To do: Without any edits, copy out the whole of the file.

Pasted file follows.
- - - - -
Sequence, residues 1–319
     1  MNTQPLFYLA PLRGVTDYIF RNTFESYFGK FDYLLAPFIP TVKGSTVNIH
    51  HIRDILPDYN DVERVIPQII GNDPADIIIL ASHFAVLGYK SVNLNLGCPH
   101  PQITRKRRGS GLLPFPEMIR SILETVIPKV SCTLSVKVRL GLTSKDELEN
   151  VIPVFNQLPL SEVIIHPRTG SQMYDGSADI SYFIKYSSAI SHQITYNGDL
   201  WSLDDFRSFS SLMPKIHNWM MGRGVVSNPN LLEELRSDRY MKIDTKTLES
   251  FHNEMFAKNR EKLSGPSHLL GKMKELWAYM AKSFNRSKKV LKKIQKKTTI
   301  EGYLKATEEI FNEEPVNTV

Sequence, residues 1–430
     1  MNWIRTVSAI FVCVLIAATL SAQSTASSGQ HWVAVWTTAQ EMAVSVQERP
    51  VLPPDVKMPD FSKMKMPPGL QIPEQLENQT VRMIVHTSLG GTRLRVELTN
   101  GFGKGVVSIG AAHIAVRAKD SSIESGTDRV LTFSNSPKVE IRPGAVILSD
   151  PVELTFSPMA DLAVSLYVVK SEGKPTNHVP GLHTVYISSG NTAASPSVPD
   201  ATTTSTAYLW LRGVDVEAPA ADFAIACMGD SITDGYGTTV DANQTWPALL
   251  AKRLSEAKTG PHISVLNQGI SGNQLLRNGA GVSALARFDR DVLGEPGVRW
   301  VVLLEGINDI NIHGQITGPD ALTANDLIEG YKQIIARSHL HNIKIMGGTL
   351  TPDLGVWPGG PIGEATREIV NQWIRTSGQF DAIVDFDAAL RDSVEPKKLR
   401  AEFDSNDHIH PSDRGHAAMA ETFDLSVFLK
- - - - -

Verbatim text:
Sequence, residues 1–319
     1  MNTQPLFYLA PLRGVTDYIF RNTFESYFGK FDYLLAPFIP TVKGSTVNIH
    51  HIRDILPDYN DVERVIPQII GNDPADIIIL ASHFAVLGYK SVNLNLGCPH
   101  PQITRKRRGS GLLPFPEMIR SILETVIPKV SCTLSVKVRL GLTSKDELEN
   151  VIPVFNQLPL SEVIIHPRTG SQMYDGSADI SYFIKYSSAI SHQITYNGDL
   201  WSLDDFRSFS SLMPKIHNWM MGRGVVSNPN LLEELRSDRY MKIDTKTLES
   251  FHNEMFAKNR EKLSGPSHLL GKMKELWAYM AKSFNRSKKV LKKIQKKTTI
   301  EGYLKATEEI FNEEPVNTV

Sequence, residues 1–430
     1  MNWIRTVSAI FVCVLIAATL SAQSTASSGQ HWVAVWTTAQ EMAVSVQERP
    51  VLPPDVKMPD FSKMKMPPGL QIPEQLENQT VRMIVHTSLG GTRLRVELTN
   101  GFGKGVVSIG AAHIAVRAKD SSIESGTDRV LTFSNSPKVE IRPGAVILSD
   151  PVELTFSPMA DLAVSLYVVK SEGKPTNHVP GLHTVYISSG NTAASPSVPD
   201  ATTTSTAYLW LRGVDVEAPA ADFAIACMGD SITDGYGTTV DANQTWPALL
   251  AKRLSEAKTG PHISVLNQGI SGNQLLRNGA GVSALARFDR DVLGEPGVRW
   301  VVLLEGINDI NIHGQITGPD ALTANDLIEG YKQIIARSHL HNIKIMGGTL
   351  TPDLGVWPGG PIGEATREIV NQWIRTSGQF DAIVDFDAAL RDSVEPKKLR
   401  AEFDSNDHIH PSDRGHAAMA ETFDLSVFLK